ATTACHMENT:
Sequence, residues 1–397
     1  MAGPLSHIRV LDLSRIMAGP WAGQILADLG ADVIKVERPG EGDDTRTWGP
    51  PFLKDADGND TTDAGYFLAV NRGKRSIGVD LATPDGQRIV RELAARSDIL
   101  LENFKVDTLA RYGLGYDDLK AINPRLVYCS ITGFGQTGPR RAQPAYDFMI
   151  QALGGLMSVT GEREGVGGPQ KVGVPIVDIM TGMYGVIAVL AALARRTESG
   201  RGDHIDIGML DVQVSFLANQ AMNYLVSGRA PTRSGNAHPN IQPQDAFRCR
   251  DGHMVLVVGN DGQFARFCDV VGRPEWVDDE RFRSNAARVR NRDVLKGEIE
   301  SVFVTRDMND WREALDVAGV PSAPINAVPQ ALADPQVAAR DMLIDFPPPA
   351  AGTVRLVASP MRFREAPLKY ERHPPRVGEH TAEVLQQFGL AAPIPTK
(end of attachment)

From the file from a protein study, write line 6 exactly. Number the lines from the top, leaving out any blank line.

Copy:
   201  RGDHIDIGML DVQVSFLANQ AMNYLVSGRA PTRSGNAHPN IQPQDAFRCR